October 2018 marked the 69th anniversary of the establishment of the People’s Republic of China. China has turned from a country that could barely feed its people to the second largest economy in the world. A strong indicator of the economy going uphill is that people have more buying power to fulfill their wants. Also, when the consumers for luxury products are getting younger, you will know that the country’s economy is doing well. That is the case in China, happening right now.
Millennials’ love of luxury products
According to the latest research by Boston Consulting Group and Tencent, the average age of a luxury consumer in China is 28, about 10 years younger than that of the rest of the world, and they are becoming the mainstay of global luxury consumption. In addition to the growth in luxury purchases, spending in other categories is on the rise as well. McKinsey reported that discretionary categories will show the strongest overall growth — 13.4% — between 2010 and 2020, as these goods become affordable to growing numbers of consumers. Spending on semi-necessities and necessities will grow 10.9% and 7.2%, respectively.
Taking advantage of the free information available online, millennial luxury consumers often do their research online before making a purchase. Due to the price difference and availability of styles, the majority of the young consumers buy luxury products through called Daigou, a group of people living overseas who buy products for Chinese consumers for a small fee.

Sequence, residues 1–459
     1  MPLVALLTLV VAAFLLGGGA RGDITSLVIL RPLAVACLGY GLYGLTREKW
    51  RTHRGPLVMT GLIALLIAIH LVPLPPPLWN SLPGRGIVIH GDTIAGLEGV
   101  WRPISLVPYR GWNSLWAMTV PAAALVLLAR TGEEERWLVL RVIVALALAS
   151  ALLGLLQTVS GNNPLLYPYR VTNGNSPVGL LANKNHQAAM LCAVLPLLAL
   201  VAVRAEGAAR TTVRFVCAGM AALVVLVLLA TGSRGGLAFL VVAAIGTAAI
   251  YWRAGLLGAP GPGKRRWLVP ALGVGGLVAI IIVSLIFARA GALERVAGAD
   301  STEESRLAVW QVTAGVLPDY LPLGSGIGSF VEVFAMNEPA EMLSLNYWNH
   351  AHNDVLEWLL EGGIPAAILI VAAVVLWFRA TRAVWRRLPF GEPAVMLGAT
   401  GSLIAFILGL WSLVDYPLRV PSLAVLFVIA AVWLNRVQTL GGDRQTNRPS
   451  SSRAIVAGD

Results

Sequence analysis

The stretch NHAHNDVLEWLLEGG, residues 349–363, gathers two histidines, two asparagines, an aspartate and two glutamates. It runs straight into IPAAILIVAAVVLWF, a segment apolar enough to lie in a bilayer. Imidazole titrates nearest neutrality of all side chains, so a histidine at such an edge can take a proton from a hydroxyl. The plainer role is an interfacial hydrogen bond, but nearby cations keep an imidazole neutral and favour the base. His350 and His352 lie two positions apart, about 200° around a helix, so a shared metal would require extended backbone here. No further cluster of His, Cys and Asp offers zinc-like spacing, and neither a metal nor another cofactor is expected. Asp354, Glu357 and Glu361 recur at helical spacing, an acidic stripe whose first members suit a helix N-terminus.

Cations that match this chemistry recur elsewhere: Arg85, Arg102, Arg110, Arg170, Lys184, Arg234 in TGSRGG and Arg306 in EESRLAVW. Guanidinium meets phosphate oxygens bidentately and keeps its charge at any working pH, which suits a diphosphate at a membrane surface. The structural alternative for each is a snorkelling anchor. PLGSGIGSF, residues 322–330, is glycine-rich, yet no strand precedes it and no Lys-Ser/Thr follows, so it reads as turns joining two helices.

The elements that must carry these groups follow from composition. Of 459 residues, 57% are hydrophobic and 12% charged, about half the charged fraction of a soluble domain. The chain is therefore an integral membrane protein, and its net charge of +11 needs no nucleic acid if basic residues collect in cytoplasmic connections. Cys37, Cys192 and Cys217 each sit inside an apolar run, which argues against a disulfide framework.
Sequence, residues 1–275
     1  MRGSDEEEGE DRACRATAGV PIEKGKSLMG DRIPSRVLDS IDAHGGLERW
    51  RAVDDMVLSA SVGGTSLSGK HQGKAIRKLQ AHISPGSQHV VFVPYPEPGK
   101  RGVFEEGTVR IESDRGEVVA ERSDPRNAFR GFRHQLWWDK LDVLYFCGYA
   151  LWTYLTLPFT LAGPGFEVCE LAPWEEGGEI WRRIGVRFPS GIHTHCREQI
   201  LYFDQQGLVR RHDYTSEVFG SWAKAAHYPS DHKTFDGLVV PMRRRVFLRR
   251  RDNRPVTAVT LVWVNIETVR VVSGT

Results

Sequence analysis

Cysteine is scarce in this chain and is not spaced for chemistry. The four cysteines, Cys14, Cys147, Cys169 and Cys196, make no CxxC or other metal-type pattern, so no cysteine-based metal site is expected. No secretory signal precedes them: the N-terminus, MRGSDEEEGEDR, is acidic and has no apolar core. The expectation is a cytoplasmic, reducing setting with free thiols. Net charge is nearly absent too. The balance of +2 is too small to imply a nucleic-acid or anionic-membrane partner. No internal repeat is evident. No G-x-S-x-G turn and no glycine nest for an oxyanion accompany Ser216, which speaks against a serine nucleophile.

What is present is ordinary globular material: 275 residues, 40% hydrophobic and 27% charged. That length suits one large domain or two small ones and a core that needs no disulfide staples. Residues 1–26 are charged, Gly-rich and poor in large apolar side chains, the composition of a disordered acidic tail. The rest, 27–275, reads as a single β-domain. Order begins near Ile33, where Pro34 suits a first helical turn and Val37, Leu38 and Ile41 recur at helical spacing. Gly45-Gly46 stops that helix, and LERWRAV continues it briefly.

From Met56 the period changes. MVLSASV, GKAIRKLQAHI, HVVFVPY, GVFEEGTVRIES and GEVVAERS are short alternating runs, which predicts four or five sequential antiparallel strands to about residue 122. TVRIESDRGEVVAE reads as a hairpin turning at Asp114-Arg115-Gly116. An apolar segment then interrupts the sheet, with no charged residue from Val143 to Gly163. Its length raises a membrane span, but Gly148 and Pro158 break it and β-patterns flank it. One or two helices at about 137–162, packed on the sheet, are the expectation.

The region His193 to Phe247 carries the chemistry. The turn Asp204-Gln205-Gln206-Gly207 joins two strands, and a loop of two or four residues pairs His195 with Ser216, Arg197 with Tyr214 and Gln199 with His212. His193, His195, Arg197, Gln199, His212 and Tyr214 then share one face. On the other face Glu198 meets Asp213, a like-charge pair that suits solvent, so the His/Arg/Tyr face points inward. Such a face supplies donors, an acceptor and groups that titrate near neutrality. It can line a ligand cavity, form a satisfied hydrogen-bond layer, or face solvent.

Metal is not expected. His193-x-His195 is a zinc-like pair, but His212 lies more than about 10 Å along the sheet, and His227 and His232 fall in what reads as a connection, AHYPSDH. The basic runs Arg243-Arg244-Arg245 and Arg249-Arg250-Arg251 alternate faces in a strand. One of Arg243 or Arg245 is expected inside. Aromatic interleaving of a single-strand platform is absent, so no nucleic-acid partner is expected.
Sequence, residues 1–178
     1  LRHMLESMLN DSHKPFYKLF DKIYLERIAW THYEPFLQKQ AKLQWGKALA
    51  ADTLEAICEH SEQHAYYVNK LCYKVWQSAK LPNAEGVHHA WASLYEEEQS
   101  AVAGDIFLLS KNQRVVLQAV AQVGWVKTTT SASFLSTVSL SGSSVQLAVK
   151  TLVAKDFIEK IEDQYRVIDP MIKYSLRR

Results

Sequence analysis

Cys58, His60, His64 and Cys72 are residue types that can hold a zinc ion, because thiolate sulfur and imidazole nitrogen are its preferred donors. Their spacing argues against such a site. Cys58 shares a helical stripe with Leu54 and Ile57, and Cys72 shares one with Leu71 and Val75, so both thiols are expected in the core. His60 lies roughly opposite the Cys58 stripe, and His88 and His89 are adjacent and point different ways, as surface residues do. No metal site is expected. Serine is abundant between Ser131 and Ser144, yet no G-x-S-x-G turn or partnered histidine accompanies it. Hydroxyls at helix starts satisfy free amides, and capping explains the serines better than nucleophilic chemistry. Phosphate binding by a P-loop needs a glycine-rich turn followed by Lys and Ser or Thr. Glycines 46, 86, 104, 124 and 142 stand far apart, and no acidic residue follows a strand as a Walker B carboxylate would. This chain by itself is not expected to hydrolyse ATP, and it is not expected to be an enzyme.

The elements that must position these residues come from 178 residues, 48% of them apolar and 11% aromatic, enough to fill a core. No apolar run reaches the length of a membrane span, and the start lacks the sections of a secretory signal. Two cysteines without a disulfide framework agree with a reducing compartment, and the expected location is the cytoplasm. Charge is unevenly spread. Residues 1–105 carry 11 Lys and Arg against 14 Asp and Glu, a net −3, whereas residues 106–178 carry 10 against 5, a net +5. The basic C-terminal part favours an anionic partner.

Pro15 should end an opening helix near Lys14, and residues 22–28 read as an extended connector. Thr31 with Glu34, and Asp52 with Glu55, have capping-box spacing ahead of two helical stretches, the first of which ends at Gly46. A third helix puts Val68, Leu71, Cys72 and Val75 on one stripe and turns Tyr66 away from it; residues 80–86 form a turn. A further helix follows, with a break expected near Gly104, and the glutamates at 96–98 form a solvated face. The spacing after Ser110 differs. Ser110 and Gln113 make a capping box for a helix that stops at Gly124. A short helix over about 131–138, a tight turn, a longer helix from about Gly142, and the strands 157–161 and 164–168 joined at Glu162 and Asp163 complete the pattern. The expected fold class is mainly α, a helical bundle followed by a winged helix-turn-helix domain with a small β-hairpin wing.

Spending on overseas travel and tourism
Chinese are also taking their money overseas. According to statistics from the China National Tourism Administration, as Nielsen reported, “Chinese tourists traveled overseas on 131 million occasions in 2017, an increase of 7.0% from the previous year. Data from the International Association of Tour Managers shows that overseas travel spending by Chinese tourists reached USD 261.1 billion in 2016, an increase of 4.5% year-on-year, and ranking first worldwide.”
A distinctive difference between tourists from China and from other countries is that Chinese travelers spend significantly more on shopping than accommodations and dining, whereas non-Chinese tourists’ spending behaviors are the opposite.
Implications for foreign companies
Even though China is not the easiest market to enter and operate in, the enormous market is not only hard to say no to but also likely to be a key piece in achieving global success for any company. However, because of the vast size and uneven development across different regions in China, consumer needs may vary a lot. Foreign companies may want to further divide the big China market and tailor strategies for each segment to maximize business performance.
If you are interested in reaching the China market or delivering your online content at a faster speed, drop us a line and we are happy to help.